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"Sweet 16" walk

The drought has created many problems, but it has provided our Piedmont Recreation Department's Walking on Wednesdays group with some lovely, sunny mornings to walk Piedmont streets. Tuesday had been a warm one, but the forecast was for a cooler Wednesday. It was a surprise that there had been some rain in the early hours, and Piedmont's sidewalks were wet that morning. As we assembled at the Exedra there were clouds, and it was cool, but we were confident we would have another great morning for our walk.

The turnout was again excellent with 36 walkers and one K-9 best friend on hand.

Before we got started walking there were some announcements. One was that walker and Piedmont Post cartoonist Phil Witte is featured in the current issue of Piedmont Living magazine. The group was pleased that Phil is getting this recognition and his creative work is being spotlighted.

As you know, we have an informal objective of walking every safe Piedmont street during the calendar year, and we have been to most of them already this year. The unwalked ones are generally towards the city's borders, but there are still some in the central part of Piedmont. If fact, a route was sketched out that could take us to 16 different streets we hadn't been to this year. They would be our "Sweet 16" for the day.

We headed off, crossing Highland Avenue and going up it to Pala Avenue. The plan was to go up and down the parallel streets of Mesa and Monte Avenues via connections with Pala, Park Way, and Moraga Avenue. On Mesa we found our first house surprise, a lovely, classic, vintage home that was built in 1907. On Monte we also enjoyed many shingle exterior homes that have been

beautifully maintained and updated.

We came back down Park Way and crossed Highland, noting the two, large, white columns that marked the entrance to this neighborhood when it was developed in the early 20th Century. We also recognized that going down Park was retracing some of the Key System Number 10 streetcar route of the first half of the last century. As we turned right on Bonita Avenue, a woman

getting out of her car saw us and said, "It must be the Wednesday walkers."

We turned down Estrella Avenue and found two almost identical homes. Walker architect Jim Kellogg described them being of the "California Mission" style. These twins sit side by side, have terracotta roofs over pointed top turret entrances, and share a driveway. A Zillow search revealed they have almost the exact same square footage and were built in 1923. Their broad driveway was great spot to take the attached group photo.

In front of the house next door, we discovered an approximately 10" in diameter, circular tablet that resembled a large coin. On it were Chinese letters that Jim Kuo and Albert Chen translated to say "welcome, good fortune, and money."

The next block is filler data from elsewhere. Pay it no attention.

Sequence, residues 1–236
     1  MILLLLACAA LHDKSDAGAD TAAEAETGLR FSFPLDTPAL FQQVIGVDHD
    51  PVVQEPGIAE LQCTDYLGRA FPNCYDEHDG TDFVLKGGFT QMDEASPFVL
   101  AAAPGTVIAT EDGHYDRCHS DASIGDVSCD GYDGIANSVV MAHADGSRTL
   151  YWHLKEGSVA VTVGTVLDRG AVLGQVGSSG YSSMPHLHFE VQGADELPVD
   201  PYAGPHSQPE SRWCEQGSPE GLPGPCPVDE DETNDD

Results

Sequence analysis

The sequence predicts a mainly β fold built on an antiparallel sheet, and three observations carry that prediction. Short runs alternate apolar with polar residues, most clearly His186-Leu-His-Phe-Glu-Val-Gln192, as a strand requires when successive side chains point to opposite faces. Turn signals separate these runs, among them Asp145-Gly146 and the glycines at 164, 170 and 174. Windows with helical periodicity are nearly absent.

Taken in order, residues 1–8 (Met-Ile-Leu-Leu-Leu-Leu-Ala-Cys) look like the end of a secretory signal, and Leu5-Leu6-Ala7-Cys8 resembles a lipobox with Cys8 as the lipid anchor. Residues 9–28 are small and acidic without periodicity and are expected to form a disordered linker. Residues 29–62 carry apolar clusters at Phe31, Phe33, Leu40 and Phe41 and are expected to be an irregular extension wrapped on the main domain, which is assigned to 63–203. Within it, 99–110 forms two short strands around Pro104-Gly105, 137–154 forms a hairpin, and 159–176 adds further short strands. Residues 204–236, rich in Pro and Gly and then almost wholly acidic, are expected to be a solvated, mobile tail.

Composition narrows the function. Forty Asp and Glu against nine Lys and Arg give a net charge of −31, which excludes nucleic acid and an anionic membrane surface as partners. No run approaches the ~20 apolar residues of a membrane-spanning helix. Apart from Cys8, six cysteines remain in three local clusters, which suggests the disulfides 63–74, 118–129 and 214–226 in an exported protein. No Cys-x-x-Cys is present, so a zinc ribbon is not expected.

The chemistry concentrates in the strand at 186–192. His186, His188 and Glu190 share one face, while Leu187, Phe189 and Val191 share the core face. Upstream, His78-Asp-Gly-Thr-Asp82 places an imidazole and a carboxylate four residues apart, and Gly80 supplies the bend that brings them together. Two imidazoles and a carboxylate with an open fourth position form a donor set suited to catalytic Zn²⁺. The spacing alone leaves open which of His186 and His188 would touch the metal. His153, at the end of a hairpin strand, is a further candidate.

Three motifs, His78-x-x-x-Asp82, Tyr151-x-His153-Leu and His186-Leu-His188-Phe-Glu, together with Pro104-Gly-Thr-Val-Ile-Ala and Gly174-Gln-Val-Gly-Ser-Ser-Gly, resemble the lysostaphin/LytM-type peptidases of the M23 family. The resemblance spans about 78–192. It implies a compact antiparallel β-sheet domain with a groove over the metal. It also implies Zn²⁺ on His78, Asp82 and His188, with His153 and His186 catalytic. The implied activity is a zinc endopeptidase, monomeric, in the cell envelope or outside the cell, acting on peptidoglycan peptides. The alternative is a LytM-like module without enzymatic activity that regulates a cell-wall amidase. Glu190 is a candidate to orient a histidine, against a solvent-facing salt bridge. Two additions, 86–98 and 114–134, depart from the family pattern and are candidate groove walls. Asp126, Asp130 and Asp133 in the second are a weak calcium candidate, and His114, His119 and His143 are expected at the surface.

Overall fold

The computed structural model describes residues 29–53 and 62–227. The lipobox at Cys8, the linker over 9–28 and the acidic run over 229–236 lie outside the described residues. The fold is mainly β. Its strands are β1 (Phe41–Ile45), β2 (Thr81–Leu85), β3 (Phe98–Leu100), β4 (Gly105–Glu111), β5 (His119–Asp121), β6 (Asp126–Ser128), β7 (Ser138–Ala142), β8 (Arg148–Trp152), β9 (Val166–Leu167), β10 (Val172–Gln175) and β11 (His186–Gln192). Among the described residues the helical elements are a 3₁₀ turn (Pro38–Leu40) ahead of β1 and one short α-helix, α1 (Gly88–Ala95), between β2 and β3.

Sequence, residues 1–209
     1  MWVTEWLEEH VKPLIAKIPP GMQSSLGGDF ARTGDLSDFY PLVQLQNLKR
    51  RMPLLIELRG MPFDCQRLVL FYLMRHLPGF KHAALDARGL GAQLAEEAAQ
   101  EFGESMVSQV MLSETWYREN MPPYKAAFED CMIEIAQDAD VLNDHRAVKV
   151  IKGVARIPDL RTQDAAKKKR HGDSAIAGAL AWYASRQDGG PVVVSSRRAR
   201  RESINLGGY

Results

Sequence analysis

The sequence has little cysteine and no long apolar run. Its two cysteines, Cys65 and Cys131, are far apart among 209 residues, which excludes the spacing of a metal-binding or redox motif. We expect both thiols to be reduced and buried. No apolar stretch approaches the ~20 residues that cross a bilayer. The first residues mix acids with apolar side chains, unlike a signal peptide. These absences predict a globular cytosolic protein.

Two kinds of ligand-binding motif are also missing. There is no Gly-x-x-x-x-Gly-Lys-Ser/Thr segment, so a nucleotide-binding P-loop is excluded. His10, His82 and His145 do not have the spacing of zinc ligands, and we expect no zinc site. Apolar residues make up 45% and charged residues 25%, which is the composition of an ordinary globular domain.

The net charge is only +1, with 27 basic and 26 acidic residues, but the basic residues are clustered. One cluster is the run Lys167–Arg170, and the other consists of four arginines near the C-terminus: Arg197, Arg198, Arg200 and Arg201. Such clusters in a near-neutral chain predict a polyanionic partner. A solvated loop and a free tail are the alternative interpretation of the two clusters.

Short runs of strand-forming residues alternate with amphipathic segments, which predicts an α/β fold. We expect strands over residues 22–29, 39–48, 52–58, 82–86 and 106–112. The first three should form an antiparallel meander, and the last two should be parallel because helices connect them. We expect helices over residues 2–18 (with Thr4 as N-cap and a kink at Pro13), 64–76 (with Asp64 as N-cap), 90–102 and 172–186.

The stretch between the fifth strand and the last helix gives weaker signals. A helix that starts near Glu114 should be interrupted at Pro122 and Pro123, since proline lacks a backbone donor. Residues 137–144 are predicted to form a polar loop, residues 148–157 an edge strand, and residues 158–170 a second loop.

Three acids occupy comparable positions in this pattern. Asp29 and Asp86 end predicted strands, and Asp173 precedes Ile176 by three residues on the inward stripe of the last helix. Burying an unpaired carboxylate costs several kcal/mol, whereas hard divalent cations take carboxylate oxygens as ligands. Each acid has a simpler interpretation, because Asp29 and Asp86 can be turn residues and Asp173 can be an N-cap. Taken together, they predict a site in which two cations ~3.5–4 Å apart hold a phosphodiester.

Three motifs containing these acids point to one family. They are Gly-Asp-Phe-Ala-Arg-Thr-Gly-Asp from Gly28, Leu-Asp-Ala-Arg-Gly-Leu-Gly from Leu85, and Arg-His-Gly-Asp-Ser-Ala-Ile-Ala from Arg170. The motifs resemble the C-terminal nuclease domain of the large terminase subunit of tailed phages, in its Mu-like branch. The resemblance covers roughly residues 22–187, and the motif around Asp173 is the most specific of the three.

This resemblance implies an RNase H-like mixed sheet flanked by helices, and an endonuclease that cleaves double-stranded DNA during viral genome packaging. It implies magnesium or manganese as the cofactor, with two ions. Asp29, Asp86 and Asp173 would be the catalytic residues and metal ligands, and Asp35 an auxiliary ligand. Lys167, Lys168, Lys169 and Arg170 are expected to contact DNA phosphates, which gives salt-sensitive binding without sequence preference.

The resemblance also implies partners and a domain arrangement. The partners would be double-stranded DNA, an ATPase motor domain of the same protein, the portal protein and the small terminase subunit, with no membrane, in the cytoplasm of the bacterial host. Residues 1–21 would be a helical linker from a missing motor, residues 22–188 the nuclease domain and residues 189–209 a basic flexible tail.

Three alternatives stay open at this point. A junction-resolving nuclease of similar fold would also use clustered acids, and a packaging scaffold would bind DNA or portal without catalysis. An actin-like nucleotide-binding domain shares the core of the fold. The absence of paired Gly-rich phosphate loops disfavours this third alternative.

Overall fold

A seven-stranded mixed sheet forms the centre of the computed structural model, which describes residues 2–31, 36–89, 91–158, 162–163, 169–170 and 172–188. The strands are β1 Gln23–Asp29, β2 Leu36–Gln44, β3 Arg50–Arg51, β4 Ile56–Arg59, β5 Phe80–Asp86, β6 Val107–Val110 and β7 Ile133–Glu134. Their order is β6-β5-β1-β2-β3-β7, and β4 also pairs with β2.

We turned up Ramona Avenue and found the 107 foot set of steps that took us down and back to Park Way for a short walk to Dracena Avenue. We walked along the border of Piedmont's wonderful Dracena Park, but resisted the temptation to go into it so we could enjoy the beauty of this street. We quickly came to a house that stopped us in our tracks. It had been recently redesigned and rebuilt. Jim Kellogg described as a "contextually modern" home of a Japanese style. The house is very different from its traditional Piedmont neighbors, but Jim felt it still fits harmoniously with its surroundings. There is a combination of roof levels that provide visual interest, along with appropriate exteriors, colors, and landscaping. Jim said the house is "perfect."

We went down Blair and spotted another house. This one was a large birdhouse attached to a tree along the exterior of Dracena Park. At the street's corner with El Cerrito Avenue. The history of Walker Blair, the first European settler in this area during the second half of the 19th Century, was recalled. What is now Dracena Park was the enterprising Blair's quarry, and at this corner was his dairy farm. Noemi Alvarado asked, "Cows in Piedmont?"

At Oakland Avenue we turned up the hill so that we could walk the one-block Carmel Avenue that took us back to the street named in honor of Walker Blair. Along Carmel we noted the many front yards that have been transformed into water-saving native plants and grasses gardens.

A short walk up Blair took us to Hillside Avenue. Before we crossed Oakland Avenue, we came to another striking, walk-stopping home. We asked Jim Kellogg to characterize it too, but before he could, the homeowners, Alissa and John Welch, saw the assembly in front of their house and came out. Alissa described the design as "Gothic Meets Queen Ann." The Welches said they have been working on the house for ten years. We appreciated the wonderful job they have done.

At Hillside and Oakland we noted the mansion on the corner that was once known as "Gray Gables." The gables are still there, but the gray is gone, and some walkers debated what color would best describe it now. Maybe taupe? There were more beautiful homes on the street with great San Francisco views.

A left on Vista Avenue took us past the Corey Reich Tennis Center where players were banging away. One, who was hitting a ball against the tall wall, was invited to come walk with us any Wednesday. In the next Vista block Havens School kids were having noisy fun in their playground, but the City Hall and Fire Department were summer quiet. Finally, a right turn on Highland had us back at our Exedra starting point.

It had been a wandering three mile walk of a sweet set of 16 different streets, and a few more, in almost exactly 90 minutes. As always, we saw many unique, beautiful homes on lovely streets with old and many new friends. It had indeed been a sweet walk.


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